My Newsradio Scripts

These are my old radio news scripts on Singapore's current affairs when I worked as a broadcast journalist.

Wednesday, November 10, 2004

OTGV #6 - Politics

Broadcast Date: 05/08/02

This year's Singapore International Foundation or S-I-F's Singapore Student Symposium dwells on the hurdles impeding the Republic's future path.

In the panel on social challenges, a professor and a writer posed questions for the students to think about the hurdles Singaporeans must face.

Hi Welcome to On the Grapevine with me Chong Ching Liang.

Singapore's strength is a dominant One Party government that has been able to push all policies through with ruthless speed and efficiency.

Writer and self-proclaimed political commentator Catherine Lim mused on the historical origins of the Singaporean polity and how it has changed.

"And maybe this was the natural result of the historical, geo-political circumstances of Singapore. It was a tiny little nation with no natural resources, here was a government led by Mr Lee Kuan Yew who was very anxious to make everything succeed. So it was a top-down kind of government those past years. Consultations would be totally irrelevant and the views of the people would not have meant anything."

The efficiency of the dominant One Party government has resulted in the GDP reaching developed nation level in a breathtakingly short three decade period.

But there are certain tradeoffs.

National University of Singapore's political scientist, Hussin Mutalib said the Westminster model of government has seen some structural changes.

"There is some degree of civility and respect for the need of an opposition. The opposition is seen as an asset and not a liability to the system to the system. This is not in Singapore. In fact, in Singapore, the opposition is seen as a problem. It's not easy for people to engage in opposition politics. And of course given the nature of the dominant One Party system, you find the members of Parliament are playing roles which are, to put it gently, quite minimal. You can have lots of drama in the parliament but then the results are, as good as predictable. We are not attaching a value to this; we are just describing the system."

Another side-effects is the rise of a politically apathetic electorate said Associate Professor Hussin.

"The impact of such a system and political culture to the citizens, you find what has been described in the political literature as parochial political culture amongst many Singaporeans. It's a situation where the citizens cared very little about what's happened in the country. They may be talking a little bit here and there, in the coffee shops, in homes and some close friends but they do not engage the political elites in matters of substance."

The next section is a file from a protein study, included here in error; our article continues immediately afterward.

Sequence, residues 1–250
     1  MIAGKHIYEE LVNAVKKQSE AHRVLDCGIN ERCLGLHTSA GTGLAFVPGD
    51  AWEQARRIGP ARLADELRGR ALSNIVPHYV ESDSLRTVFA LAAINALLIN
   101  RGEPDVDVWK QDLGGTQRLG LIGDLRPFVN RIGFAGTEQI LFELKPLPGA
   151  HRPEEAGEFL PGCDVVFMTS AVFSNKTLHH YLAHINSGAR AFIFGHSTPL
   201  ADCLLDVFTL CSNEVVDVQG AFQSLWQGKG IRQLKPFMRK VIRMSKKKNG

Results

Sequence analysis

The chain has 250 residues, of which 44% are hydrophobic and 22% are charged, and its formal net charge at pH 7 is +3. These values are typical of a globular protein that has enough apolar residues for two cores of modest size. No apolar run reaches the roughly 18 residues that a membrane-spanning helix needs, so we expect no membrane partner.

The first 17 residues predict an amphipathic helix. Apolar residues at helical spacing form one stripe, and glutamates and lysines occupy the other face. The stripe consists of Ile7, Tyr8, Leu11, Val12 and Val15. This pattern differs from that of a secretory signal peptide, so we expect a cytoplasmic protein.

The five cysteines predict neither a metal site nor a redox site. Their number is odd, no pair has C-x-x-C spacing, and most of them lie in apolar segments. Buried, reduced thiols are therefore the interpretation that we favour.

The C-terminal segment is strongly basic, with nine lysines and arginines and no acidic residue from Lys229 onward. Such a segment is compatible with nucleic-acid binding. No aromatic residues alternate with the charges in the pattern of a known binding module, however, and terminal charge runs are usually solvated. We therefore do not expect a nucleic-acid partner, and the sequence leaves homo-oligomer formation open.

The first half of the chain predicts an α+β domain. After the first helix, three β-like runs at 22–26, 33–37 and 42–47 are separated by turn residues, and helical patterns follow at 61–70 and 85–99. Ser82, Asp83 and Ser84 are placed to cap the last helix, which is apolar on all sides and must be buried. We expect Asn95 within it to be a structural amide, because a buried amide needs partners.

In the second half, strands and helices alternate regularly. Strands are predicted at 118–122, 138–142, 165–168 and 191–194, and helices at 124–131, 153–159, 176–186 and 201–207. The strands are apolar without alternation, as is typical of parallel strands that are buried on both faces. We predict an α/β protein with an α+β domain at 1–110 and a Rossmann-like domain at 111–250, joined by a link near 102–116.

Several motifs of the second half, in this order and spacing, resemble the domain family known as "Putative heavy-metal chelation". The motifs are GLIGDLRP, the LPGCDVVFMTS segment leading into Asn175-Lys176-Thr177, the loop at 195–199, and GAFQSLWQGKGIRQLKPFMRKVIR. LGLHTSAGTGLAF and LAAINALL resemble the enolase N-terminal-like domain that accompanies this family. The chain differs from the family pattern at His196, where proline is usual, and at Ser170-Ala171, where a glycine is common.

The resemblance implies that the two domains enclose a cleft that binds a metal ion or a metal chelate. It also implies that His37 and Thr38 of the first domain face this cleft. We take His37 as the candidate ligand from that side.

But the government is aware that a politically apathetic population doesn't bode well for the future of the Singaporean civil society.

So it's trying very hard to erase the apathy in the electorate.

Dr Catherine Lim noted that from newspaper fora to public symposia, she had witnessed much greater freedom.

But she said the Singaporean public had not fully appreciated the overtures by the government.

"But what are the people saying? We are still frighten what's the use of saying anything at all, the government never listens. It's fait accompli -- what's the use of getting our views when you have already made your decisions? Now I read about that so often and I can almost sense the exasperation in the government's voice that says 'Hey we are serious, you know. We want to get feedback and why aren't you opening up?"

Dr Lim ventured a guess as to why the public has been rather cynical instead of embracing the new consultative style of governance.

"Each time the government throws forward a controversial issue for which it invites feedback; I can almost predict the stages. Stage One is here is the issue; it could be C-O-E or whatever. And then of course all the mechanism for feedback is activated and you have fora and so on. Then it reaches a certain height of animosity and then a minister or if the issue is big enough, the Prime Minister himself comes in and says, 'Enough! Let's get back to work. Please be aware of the larger purpose, the long term outcome. We are a pragmatic society; we don't want to waste time.' I think this has just happened in connection with the bus fare controversy. [loud applause]"

In the new economy, the government has already spoken of slaughtering any sacred cows within its policies to ensure Singapore survives economically.

But there's not much change politically.

Dr Hussin told the student there's an important question that all Singaporeans need to ask in light of this imbalance between economic and political development.

"Given its pragmatic ideology, what works is more important than some ideological or philosophical inclinations. You find that in the realm of politics, the change the change has been perhaps very gradual if compared with economic change. There's tremendous changes in economic platforms with tremendous liberalisation, restructuring and lots of new changes are coming. But then very little is attempted in terms of the nature of political reform. This is something to think about. The question is can you have a situation on a prolong basis, is it tenable that you encourage economic reform by not attaching political reforms?"

Is an apathetic and weak civil society tenable or sustainable indeed?

This is perhaps what both speakers wanted the students of the SIF student symposium to think about.

After all, they are the physical embodiments of Singapore's future.

This is Chong Ching Liang for Newsradio 938.

Related Websites:
Singapore International Foundation
Catherine Lim
Hussin Mutalib


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